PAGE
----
On the other hand, there could be limitations to the Tascam Model 12’s compact design. The limited number of input channels could be a potential downside for users requiring more extensive inputs. However, this may not be an issue for those who are looking for a compact analogueue mixer for smaller-scale recording setups. Furthermore, while the retro aesthetic may be a plus for some, others may prefer a more modern design.

The Model 12’s standalone multi-track recording capability is a notable feature. This ability to insert an SD card and start recording, eliminating the need for a computer, is a significant benefit. In addition, being able to apply compression and EQ in real-time while recording adds to the appeal.

Overall, the Model 12 offers a range of features and capabilities that make it an excellent choice. Its flexibility, user-friendly design, and ability to function in multiple roles make it a strong contender in the compact analogueue mixer category.

The MACKIE DL-1608 digital mixer



The MACKIE DL-1608 is a compact, digital audio mixer that can be operated via an iPad. It contains 16 inputs and 10 outputs, which includes six auxiliary outs and a stereo mix out. The mixer utilizes Mackie’s Onyx microphone preamplifiers and supports XLR/jack combo connectors for line or instrument inputs.

Furthermore, the DL-1608 comes with Mackie’s free Master Fader iPad application, which serves as the main user interface for the mixer. The app permits full control of the mix, featuring view and mute groups, subgroups with bus processing, and the capability to save and recall scenes.

Key Benefits

  • It can be controlled remotely from one or more iPads via Wi-Fi.
  • It presents a range of features including a gate, compressor, and 4-band parametric EQ for each channel.
  • It has built-in effects, including reverb and delay, and a 31-band graphic EQ for each output.
  • It supports the creation and saving of scenes and presets, as well as the ability to store and recall snapshots.
  • It allows for live shows as well as recording, with the ability to playback audio from the iPad and record the mix in stereo.


The DL-1608 aims to strike a balance between attracting professional users with its functionality and appealing to small and medium-budget users with its reasonable price.

Pros & Cons

As an audio professional, I appreciate the DL-1608 for its innovative features. The mixer’s ability to be controlled entirely through an iPad gives me the mobility and freedom to mix from anywhere in the venue. Furthermore, it allows up to 10 iPads to control the same mixer simultaneously. This unique feature makes it easier for band members to adjust their own monitor mixes.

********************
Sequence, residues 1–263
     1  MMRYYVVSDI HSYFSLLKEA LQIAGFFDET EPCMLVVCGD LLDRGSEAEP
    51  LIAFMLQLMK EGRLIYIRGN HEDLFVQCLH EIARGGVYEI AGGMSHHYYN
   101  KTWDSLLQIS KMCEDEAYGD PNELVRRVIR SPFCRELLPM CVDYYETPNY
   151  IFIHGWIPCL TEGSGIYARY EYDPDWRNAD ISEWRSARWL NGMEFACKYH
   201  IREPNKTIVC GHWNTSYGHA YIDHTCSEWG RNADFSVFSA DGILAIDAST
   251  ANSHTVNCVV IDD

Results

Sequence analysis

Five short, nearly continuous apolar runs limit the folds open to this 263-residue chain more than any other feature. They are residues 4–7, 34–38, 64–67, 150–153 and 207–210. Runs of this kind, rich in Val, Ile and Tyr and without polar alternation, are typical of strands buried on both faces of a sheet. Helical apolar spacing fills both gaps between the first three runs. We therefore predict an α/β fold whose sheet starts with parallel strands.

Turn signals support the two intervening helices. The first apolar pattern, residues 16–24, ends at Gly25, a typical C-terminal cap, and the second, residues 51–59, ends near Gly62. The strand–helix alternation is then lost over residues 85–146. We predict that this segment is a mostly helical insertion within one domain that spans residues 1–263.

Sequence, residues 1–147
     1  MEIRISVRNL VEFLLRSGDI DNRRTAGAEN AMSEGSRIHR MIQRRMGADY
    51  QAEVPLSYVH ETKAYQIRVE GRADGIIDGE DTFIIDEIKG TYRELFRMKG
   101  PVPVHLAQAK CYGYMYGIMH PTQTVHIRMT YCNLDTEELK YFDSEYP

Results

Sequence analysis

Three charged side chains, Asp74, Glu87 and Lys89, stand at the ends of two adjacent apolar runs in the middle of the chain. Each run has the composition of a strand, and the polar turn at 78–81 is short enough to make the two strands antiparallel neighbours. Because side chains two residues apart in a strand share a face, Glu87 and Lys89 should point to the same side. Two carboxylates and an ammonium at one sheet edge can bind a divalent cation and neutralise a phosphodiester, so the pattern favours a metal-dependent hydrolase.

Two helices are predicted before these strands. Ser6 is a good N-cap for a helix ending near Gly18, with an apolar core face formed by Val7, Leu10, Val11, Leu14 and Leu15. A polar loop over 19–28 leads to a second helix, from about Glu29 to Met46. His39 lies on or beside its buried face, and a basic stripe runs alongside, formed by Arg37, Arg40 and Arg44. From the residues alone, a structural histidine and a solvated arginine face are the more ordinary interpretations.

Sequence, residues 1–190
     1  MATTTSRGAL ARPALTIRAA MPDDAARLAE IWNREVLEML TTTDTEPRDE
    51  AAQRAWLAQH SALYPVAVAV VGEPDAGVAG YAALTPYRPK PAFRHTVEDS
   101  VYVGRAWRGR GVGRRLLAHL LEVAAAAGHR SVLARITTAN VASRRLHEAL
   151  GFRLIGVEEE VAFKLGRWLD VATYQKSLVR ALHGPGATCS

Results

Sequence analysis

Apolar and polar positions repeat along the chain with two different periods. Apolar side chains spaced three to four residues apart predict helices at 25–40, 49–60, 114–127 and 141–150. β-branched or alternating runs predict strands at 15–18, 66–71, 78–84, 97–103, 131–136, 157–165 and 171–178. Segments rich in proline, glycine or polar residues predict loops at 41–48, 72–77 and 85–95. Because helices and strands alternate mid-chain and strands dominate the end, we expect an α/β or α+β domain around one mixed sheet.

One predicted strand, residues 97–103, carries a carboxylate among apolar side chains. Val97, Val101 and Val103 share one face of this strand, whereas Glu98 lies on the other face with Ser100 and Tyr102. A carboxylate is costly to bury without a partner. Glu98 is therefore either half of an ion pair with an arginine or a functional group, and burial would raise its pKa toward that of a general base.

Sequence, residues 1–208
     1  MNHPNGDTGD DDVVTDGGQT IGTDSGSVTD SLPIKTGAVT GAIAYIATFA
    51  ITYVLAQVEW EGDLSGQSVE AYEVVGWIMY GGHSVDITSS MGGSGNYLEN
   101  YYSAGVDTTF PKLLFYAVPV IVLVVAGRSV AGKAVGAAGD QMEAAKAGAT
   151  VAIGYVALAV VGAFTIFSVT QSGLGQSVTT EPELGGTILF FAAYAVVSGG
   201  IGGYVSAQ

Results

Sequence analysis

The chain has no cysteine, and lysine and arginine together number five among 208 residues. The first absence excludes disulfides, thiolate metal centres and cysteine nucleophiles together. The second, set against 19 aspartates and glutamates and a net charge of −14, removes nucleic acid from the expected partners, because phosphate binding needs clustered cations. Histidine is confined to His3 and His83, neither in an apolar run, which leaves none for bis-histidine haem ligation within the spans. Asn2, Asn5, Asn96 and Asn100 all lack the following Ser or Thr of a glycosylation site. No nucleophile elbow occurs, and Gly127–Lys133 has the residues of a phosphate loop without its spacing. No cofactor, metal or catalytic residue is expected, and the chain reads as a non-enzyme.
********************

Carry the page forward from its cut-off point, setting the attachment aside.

The DL-1608’s compact and lightweight design is a clear advantage. Its portability makes it suitable for a variety of applications, from small gigs to larger productions. This innovation is complemented with its high-quality Onyx microphone inputs, dedicated gain controls, and a range of processing options, including EQ, compression, and effects.

The Mackie Master app further enhances the mixer’s functionality, providing a user-friendly interface that features presets, snapshots, and recording capabilities. However, there’s no delay compensation on outputs or inputs. Also, there is room for improvement in its graphical user interface. Suggestions include better visual differentiation between the L/R mix and the aux layers, redesigning the EQ page to accommodate aux-send levels, and adding an all-effects bypass button.

Despite these minor setbacks, the DL-1608 provides a convenient and versatile solution for live mixing with its wireless controls, built-in effects, and intuitive user interface. Through its use, the DL-1608 has demonstrated that it is a practical choice for various applications.

The Benefits Of Digital Mixers

In the realm of sound engineering, digital mixers have changed the game. They’ve revolutionized how we process audio, offering a slew of features designed to enhance both sound quality and workflow. Digital mixers, like the models from Allen & Heath, Presonus, and Soundcraft we’re discussing here, bring a host of benefits that can significantly improve your audio experience in various applications, from live performances and television broadcasting to podcast creation.

One of the standout perks of digital mixers is their ability to store pre-configured mix “Scenes,” which you can recall at the touch of a button. This feature simplifies the process of setting up the mixer for different performances or environments, saving you valuable time. For worship events or concerts with a variety of music performances, the digital mix console’s capacity to store and recall channel Equalizers (EQ) and effects settings for each member of the group is a real game-changer.

Digital mixers also give you precise control over the audio signal, leading to improved sound quality. They allow for the exact tuning of microphone inputs and speaker outputs, resulting in clearer sound and more volume before feedback occurs. Plus, digital mixers are more resistant to external sounds, ensuring cleaner sound reproduction.